I could never wear that color green, but it’s a fabulous confection and if I were a redhead I would live in it. I have no idea why, but I really love this dress, maybe because the solid color lets the design shine through. And for once I think all the frou-frou is just enough, and not too much.

    ps: what is fly braid? Is it called that because it’s got bits flying off it into the air? How do they make it?

  21. Elizabeth Newton says

    This dress, for me, somehow manages to be both busy and simple at the same time. The overall effect is lovely and I would imagine that in its day it was very beautiful and probably quite unique.
    The color is wonderful and I have not seen that particular shade used before.
    I rate this dress as a 6/10

  22. Linda Munk says

    Lovely color, and no doubt a showstopper in its time. A bit too fussy, however, with all that drama on the skirt. All in all, 6/10

  23. Holly M McConchie says

    I love the color. Yes it really stands out as as something calming. I believe this type of dress is considered a day dress. It’s sad how this dress was a simple take a walk vs. wearing jeans or shorts

  24. nofixedstars says

    not my usual period of choice, but i really like it overall. i think the green is lovely, despite it being more pastel than i usually fancy—like coolness personified. very calming and refreshing. i’m a bit fussed about the bottom ruffle that is a different hue…it’s not echoed anywhere else in the dress, so it reads oddly. but it’s quite a restrained frock for its time, and i do think it very pretty.


    (and i feel you about the climate mess/stress. much sleep is lost on it. i like and respect elise’s comments above greatly. and i agree that we need to rest ourselves as needed, so that we can go on doing our best to help. looking at lovely or entertaining frocks online is as good a rest as any!)

  25. Mmm, this is a tasty treat of a dress. The monochrome treatment is chic, and the fly fringe to me adds texture and a garden-like interest. Isn’t that a polonaise gown — the bodice is cut in one with the gown skirt.

    Rather think the dress was once more strongly colored. Whether because of the paints used or because they were fashionable, strong colors are common in fashion plates contemporary to the time.

    The sudden widening of the front robe trim is the only part that bothers me. Wide trim was spot on for the turn of the decade but the transition’s a bit extreme.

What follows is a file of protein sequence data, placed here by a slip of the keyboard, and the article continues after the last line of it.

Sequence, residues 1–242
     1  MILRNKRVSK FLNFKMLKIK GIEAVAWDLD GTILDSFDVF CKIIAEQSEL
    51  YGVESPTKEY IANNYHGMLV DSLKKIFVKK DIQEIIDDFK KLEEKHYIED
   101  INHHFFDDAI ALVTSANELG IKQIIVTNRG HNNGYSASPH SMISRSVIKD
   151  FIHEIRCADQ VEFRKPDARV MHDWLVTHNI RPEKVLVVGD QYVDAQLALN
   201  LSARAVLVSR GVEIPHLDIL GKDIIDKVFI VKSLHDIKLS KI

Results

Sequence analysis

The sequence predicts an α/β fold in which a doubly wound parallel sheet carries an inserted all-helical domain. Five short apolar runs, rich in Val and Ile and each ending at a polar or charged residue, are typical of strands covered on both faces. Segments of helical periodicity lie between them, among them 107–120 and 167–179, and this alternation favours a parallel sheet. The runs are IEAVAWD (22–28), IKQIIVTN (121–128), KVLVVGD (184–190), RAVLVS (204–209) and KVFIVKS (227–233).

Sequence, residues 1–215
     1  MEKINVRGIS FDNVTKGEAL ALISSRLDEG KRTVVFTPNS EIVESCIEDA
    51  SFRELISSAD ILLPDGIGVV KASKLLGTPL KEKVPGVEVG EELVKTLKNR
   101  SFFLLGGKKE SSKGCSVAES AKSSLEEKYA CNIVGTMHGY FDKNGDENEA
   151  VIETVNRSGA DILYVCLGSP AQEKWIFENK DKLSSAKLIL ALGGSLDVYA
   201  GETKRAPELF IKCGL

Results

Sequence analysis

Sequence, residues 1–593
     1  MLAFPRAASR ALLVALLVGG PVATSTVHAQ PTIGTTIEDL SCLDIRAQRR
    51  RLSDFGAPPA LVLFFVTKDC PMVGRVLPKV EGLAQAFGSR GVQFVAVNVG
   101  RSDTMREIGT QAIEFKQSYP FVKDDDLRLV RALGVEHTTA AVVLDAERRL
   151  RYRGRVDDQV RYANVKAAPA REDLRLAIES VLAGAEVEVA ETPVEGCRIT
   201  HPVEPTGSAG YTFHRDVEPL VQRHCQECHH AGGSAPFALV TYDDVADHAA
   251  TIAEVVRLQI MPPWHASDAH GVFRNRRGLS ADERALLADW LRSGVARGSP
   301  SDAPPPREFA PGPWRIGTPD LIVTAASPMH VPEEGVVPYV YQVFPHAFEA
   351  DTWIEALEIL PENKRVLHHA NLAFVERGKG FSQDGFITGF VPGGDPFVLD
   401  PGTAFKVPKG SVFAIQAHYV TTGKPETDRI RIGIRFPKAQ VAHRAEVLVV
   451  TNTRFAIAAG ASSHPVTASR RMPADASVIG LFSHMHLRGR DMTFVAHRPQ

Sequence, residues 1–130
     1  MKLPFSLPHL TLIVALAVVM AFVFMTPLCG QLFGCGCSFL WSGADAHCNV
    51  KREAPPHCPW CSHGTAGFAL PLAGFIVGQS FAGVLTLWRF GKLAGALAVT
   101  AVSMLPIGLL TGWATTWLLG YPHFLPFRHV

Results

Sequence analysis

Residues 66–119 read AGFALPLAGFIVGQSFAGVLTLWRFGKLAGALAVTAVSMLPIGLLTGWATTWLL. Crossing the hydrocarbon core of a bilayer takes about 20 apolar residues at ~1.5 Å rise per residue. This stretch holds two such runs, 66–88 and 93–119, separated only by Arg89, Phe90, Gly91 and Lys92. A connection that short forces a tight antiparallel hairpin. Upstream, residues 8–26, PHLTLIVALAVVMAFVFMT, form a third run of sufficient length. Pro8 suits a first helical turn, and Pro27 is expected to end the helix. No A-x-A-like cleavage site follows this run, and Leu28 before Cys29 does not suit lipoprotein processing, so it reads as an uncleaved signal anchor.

Concerning climate change, some days I believe I will never truly be happy again, and fear for every tree, plant and animal around, while mourning for my boys and the world they must negotiate. Find myself defining life pre- and post-climate change awakening. Still, every so often I shake myself, scold myself, “We can fight back, now do what you can.” So far that’s been reduce, reuse, go mostly plant-based and organic, but soon it must turn to more active work. Re coronavirus, I work in public health, and know that many countries been preparing for an event like this for decades. I am hopeful that those countries who can will share expertise and resources with those who have less. All hands are on deck. Meanwhile, each of us can do as health authorities ask; every bit helps.
    Very best, and hugs.

    • I think I can see a join at the waistline in front, which would rule out polonaise, but it might just be piecing, not a waist seam. I wish there was a closer photo!

      How you feel about climate change pretty much sums up how I feel. I just enjoy the good days and try to make it through the bad ones, and cherish what we have while we have it.

  26. Claire Irvine says

    I love this dress. I wouldn’t wear it, as the pale green is absolutely not my colour, but I think it works perfectly on this occasion. I love the fly fringe and the pleats.


  27. Disien says

    I usually love pleating but I’m not fond of this dress at all – the fly fringing makes it look untidy. And not fussed on the colour either, too insipid.


    And thank you for this wonderful site – a real pick me up gem, and we all need as much of that as we can get in these troubling climate change/coronavirus times.

  28. Julia says

    I like it. And I think a part of the reason I do is that reading your blog has taught me to appreciate this style of dress more.
    I like the color. So fresh and clean. Spring is coming here so it’s appropriate. I like the subtly robins egg blue of the bottom ruffle. Who decided blue and green couldn’t go together anyway?